Baylor University
Department of Biology
College of Arts and Sciences

Baylor > Biology > Faculty Directory > Joseph White
Joseph White


Professor of Biology

C.423 Baylor Sciences Building
(254) 710-2141
Joseph_D_White@baylor.edu
http://www.baylor.edu/TIEEES/

Professor of Biology

Education--Ph.D., University of Montana

Major area of research--
Ecosystem response to fire and climate change
remote sensing
modeling
http://www.baylor.edu/TIEEES/

Courses currently teaching--
Biogeography
Plant Physiology
Principles of Remote Sensing
Ecosystem Process Modeling
Ecological Biophysics
Global Climate Change seminar

Biography

Dr. Joseph D. White received both undergraduate and Master's degrees from the Texas Christian University in Biology and is a certified for secondary educator for the state of Texas. He was awarded the doctoral degree in 1996 from the University of Montana's School of Forestry for his research on global climate change impacts on alpine environments derived from satellite information and computer modeling. In 1997, Dr. White received a post-doctoral appointment from Landcare Research in New Zealand to assess national carbon storage in indigenous forests as part of the New Zealand's international commitment to the Kyoto Protocol for climate change mitigation. Following this post-doctoral position, he joined the faculty of the Department of Biology as Assistant Professor at Baylor University. He, along with other colleagues in Biology, Geology, and Environmental Studies, formed The Institute for Ecological, Earth, and Environmental Sciences (TIE3S) at Baylor in 2005 to foster interdisciplinary work, research, and education on global environmental issues. He currently holds the positions of Professor of Biology and Director/Graduate Program Director of TIE3S. His present research topics include watershed and reservoir nutrient dynamics, fire risk in conservation lands, and woody plant-water relationships. As a life-long student of the natural world, his deepest passion is to understand how things work at their most fundamental level following in the words of St. Thomas Aquinas, "No one can love something unknown."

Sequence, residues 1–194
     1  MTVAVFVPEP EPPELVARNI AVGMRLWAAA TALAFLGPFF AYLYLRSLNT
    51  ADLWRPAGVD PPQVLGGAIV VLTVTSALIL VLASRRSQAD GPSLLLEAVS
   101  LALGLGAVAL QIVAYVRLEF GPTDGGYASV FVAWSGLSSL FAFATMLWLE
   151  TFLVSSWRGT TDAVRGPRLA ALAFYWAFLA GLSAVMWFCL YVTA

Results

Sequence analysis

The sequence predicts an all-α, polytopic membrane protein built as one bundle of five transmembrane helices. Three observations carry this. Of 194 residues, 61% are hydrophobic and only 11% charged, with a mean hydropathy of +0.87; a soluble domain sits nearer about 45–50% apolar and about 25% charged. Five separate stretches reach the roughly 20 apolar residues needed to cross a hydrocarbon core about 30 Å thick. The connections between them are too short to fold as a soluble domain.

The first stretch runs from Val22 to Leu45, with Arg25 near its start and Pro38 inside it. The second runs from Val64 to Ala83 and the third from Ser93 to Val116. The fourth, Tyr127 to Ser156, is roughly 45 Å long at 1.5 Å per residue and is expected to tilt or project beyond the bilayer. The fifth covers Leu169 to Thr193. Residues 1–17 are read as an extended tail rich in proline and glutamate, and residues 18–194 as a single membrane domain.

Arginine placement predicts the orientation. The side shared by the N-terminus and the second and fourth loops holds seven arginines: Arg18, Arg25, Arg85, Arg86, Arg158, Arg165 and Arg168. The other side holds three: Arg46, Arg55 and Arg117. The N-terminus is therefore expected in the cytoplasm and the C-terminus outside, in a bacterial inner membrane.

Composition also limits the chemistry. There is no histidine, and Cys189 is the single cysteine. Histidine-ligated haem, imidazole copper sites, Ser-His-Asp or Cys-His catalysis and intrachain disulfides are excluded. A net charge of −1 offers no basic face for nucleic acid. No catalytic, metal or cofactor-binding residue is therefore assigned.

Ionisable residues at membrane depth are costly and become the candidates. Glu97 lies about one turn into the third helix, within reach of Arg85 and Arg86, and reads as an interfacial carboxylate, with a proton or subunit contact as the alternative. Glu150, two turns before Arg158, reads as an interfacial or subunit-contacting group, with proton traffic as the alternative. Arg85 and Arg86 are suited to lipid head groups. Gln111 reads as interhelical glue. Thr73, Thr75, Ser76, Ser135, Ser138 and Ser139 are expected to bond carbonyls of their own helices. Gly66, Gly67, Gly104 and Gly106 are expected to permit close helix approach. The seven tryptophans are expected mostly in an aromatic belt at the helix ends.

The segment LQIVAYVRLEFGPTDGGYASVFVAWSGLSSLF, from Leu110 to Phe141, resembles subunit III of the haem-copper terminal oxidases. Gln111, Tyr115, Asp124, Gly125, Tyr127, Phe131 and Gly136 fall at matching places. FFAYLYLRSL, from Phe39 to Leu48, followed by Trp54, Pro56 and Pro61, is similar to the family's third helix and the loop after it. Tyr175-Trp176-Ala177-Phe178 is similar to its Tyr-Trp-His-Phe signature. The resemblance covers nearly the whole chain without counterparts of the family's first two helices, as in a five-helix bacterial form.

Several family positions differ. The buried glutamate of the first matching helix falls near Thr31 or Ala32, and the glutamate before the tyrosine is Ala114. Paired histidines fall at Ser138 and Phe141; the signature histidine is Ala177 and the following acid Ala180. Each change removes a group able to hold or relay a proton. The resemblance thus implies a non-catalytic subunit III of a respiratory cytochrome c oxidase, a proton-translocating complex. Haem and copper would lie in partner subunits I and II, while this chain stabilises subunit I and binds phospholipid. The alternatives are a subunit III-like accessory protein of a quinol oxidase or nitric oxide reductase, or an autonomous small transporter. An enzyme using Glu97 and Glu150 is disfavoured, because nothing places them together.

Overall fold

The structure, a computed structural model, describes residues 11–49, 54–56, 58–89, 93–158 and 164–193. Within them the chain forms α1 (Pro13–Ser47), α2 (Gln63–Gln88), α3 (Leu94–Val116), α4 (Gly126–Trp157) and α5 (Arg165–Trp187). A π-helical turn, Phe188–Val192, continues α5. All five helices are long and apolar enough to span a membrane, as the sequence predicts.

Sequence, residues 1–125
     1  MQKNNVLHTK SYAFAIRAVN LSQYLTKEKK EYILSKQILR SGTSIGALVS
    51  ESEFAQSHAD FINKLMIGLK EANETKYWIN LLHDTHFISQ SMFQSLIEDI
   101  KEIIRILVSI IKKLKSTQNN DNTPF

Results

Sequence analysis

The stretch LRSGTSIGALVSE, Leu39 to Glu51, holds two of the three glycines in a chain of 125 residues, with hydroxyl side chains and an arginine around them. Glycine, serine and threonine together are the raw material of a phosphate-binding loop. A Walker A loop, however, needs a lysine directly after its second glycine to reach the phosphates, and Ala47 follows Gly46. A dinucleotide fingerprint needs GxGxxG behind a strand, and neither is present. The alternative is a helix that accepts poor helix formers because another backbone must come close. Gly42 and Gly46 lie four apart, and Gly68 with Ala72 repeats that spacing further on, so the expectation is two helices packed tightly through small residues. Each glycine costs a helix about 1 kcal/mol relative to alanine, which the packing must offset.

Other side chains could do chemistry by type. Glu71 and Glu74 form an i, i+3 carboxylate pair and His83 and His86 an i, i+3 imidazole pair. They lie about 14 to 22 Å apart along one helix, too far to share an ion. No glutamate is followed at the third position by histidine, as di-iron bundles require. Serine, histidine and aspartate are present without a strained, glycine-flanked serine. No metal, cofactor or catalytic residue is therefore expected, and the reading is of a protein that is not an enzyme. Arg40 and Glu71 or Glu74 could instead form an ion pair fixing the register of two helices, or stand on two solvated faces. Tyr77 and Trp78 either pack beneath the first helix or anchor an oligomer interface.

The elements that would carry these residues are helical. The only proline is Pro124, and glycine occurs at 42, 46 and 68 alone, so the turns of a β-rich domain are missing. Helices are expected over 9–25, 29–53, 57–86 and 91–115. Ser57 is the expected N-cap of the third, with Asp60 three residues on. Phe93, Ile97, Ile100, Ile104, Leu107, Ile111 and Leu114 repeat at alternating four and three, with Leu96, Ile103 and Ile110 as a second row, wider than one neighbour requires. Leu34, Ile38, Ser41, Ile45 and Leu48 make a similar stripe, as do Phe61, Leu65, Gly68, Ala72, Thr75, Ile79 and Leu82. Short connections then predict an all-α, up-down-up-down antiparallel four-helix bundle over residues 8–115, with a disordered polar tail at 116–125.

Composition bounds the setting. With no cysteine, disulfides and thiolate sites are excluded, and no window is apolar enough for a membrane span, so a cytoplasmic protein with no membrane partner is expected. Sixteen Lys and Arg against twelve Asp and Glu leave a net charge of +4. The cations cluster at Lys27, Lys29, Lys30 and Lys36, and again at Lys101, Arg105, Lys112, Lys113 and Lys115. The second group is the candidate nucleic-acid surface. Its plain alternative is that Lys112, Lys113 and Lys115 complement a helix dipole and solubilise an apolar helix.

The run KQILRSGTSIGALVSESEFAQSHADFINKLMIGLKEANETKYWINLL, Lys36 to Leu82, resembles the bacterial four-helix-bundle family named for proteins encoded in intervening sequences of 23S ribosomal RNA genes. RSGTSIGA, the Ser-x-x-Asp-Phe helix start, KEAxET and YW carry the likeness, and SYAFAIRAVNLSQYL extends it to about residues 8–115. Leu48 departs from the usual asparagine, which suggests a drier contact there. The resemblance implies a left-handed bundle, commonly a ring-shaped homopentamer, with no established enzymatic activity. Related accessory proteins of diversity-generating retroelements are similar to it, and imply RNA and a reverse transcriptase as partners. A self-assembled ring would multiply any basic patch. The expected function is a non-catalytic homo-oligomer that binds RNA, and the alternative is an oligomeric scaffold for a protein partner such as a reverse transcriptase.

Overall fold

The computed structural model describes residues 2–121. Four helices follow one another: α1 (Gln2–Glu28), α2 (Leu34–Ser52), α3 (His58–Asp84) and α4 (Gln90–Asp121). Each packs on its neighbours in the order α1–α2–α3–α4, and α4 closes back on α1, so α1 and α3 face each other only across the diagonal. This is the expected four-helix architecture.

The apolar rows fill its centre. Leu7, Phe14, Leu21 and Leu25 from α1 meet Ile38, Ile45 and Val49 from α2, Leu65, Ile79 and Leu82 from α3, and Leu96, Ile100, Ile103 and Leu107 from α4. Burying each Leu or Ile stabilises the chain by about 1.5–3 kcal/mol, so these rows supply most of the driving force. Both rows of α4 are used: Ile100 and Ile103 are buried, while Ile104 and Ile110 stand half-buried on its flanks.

Department of Biology